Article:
After seeing the hypnotist Lomax the Magnificent, Calvin and Rodney decide to make a hypnotizing machine and try it out on Calvin's little sister Trudy. The machine works and Trudy is convinced that she's a dog - panting, drooling, and barking at squirrels! Unfortunately, the boys can't get Trudy to snap out of her trance, and Mama is on her way ...
After seeing the hypnotist Lomax the Magnificent, Calvin and Rodney decide to make a hypnotizing machine and try it out on Calvin's little sister Trudy. The machine works and Trudy is convinced that she's a dog - panting, drooling, and barking at squirrels! Unfortunately, the boys can't get Trudy to snap out of her trance, and Mama is on her way home. How will they explain to her that Trudy may never recover from their experiment?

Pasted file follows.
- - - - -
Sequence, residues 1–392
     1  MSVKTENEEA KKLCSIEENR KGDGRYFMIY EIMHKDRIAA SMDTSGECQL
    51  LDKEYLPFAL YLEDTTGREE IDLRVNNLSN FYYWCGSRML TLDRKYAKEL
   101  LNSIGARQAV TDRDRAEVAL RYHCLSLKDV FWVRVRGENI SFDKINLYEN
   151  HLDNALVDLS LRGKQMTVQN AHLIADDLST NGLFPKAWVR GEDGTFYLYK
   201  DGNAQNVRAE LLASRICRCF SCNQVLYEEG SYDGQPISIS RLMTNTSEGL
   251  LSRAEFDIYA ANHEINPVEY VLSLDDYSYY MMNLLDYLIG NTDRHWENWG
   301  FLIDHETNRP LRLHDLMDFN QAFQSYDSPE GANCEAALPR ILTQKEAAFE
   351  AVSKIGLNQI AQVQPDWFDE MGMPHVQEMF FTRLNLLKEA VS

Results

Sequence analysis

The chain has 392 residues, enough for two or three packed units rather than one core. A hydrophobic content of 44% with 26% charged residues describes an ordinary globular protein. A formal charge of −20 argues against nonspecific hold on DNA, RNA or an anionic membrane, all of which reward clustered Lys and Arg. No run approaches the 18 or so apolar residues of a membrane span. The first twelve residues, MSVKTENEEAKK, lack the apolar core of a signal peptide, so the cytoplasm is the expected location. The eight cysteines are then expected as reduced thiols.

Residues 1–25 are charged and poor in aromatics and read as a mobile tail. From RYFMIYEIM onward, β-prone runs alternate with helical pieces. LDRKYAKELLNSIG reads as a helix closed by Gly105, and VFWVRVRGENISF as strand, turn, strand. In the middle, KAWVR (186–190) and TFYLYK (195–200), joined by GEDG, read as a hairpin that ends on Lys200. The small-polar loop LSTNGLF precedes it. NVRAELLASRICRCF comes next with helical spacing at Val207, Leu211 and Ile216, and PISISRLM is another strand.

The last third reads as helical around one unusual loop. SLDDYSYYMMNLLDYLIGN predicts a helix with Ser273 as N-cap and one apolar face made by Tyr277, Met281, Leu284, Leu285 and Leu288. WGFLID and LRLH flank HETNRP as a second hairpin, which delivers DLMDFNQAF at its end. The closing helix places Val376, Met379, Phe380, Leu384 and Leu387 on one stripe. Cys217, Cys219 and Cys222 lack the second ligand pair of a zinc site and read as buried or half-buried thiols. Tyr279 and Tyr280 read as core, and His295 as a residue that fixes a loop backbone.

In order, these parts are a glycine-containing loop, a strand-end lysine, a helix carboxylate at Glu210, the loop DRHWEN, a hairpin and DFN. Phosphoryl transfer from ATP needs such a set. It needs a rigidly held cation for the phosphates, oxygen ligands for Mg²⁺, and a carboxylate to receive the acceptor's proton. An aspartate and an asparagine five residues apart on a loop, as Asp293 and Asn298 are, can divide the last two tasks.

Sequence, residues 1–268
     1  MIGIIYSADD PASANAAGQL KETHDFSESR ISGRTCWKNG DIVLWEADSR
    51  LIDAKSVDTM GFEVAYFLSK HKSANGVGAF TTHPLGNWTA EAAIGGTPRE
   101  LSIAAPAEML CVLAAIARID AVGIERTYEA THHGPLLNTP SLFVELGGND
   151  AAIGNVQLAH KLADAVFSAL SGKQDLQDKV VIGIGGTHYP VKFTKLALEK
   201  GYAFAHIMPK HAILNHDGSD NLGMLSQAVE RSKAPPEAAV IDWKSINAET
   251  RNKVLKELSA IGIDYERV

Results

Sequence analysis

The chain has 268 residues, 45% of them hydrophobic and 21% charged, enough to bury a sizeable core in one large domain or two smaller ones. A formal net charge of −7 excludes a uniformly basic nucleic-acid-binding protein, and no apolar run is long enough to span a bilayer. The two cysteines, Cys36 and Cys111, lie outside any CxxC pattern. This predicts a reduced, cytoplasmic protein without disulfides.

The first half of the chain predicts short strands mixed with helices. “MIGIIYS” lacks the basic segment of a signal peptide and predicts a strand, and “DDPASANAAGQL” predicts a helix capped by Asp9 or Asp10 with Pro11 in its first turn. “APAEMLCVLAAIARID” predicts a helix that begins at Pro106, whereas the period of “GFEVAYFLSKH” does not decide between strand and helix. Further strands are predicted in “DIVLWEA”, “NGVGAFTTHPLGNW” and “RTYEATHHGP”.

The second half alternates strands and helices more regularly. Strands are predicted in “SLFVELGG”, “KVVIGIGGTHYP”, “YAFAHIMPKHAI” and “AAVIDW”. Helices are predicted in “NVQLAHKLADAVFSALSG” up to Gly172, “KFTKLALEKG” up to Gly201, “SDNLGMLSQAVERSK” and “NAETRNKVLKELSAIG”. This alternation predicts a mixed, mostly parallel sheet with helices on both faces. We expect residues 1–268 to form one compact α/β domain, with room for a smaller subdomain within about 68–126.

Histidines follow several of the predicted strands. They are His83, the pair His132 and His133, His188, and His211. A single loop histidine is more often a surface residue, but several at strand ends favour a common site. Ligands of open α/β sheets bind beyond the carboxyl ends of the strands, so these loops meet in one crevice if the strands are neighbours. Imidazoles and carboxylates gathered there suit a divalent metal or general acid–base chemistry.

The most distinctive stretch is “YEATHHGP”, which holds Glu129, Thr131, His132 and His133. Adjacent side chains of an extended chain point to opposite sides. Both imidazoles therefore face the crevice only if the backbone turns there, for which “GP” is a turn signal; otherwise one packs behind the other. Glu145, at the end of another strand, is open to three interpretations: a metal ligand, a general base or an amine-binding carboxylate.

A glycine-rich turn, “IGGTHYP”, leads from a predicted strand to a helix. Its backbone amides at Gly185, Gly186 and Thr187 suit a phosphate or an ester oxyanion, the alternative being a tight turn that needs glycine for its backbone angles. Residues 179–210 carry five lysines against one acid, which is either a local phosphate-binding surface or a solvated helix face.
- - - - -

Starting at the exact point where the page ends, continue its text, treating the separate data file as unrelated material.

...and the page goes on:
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Publishers Weekly, 2006-10-02 The magic in Van Allsburg's new book Probuditi! has been domesticated. Instead of supernatural powers sending rhinos charging through the living room, as in Jumanji, or spacemen falling through the ceiling, as in Zathura, Calvin, the protagonist of Probuditi!, employs a simple magician's trick to set the story in motion. Calvin and his buddy Rodney attend a performance by Lomax the Magnificent where the magician, by means of a rotating spiral disc, hypnotizes a woman and convinces her that she is a chicken. At the end of the show, Lomax says, "Probuditi!" and the woman snaps out of her trance. Inspired, Calvin makes his own rotating disc and manages to hypnotize his sister, Trudy, into thinking that she's a dog. Calvin and Rodney thoroughly enjoy Trudy's canine antics until they realize that Calvin's mom will soon be home, and they can't remember the magic word to reverse the spell. After several frantic dehypnotizing tries, it all works out with a little quiet help from Trudy. Although I miss the sense of otherworldly beauty that Van Allsburg achieved in some of his earlier books, particularly The Wreck of the Zephyr, the vaudevillian spirit of Probuditi! gives the artist a chance to make some very funny pictures. The lady Lomax hypnotizes struts around an imaginary barnyard like a crazed hen who happens to be wearing pearls and high heels. Trudy laps water from a bowl on the floor with almost embarrassing relish, and squats expectantly like a goofy golden retriever. All the characters and the scenes they inhabit seem to come from some iconic 1940s smalltown childhood, which is made all the more nostalgic by the artist wrapping them in a haze of luminosity. This typical "Van Allsburg light" is so effective in the way that it leavens the painstaking solidity of his illustrations and connects the details in a convincing atmosphere. So even though he is not using his light to bathe the classic simplicity of a sailboat floating through the sky, the light in these pictures still works to create the glow that we have come to expect in a Van Allsburg book and to give this homespun tale the quality of a remembered dream. The story of Probuditi! may not involve spacemen or exotic transformations, but it's still about the lure of magic and, this time, it's a magic that maybe any kid can make with a spiral disc and a gullible friend. All ages. (Oct.) Jim McMullan, known for his Lincoln Center Theater posters, has most recently illustrated the picture book I'm Dirty! (HarperCollins/Cotler, Sept.), written by his wife, Kate McMullan, and starring a backhoe loader. (c) Copyright PWxyz, LLC. All rights reserved
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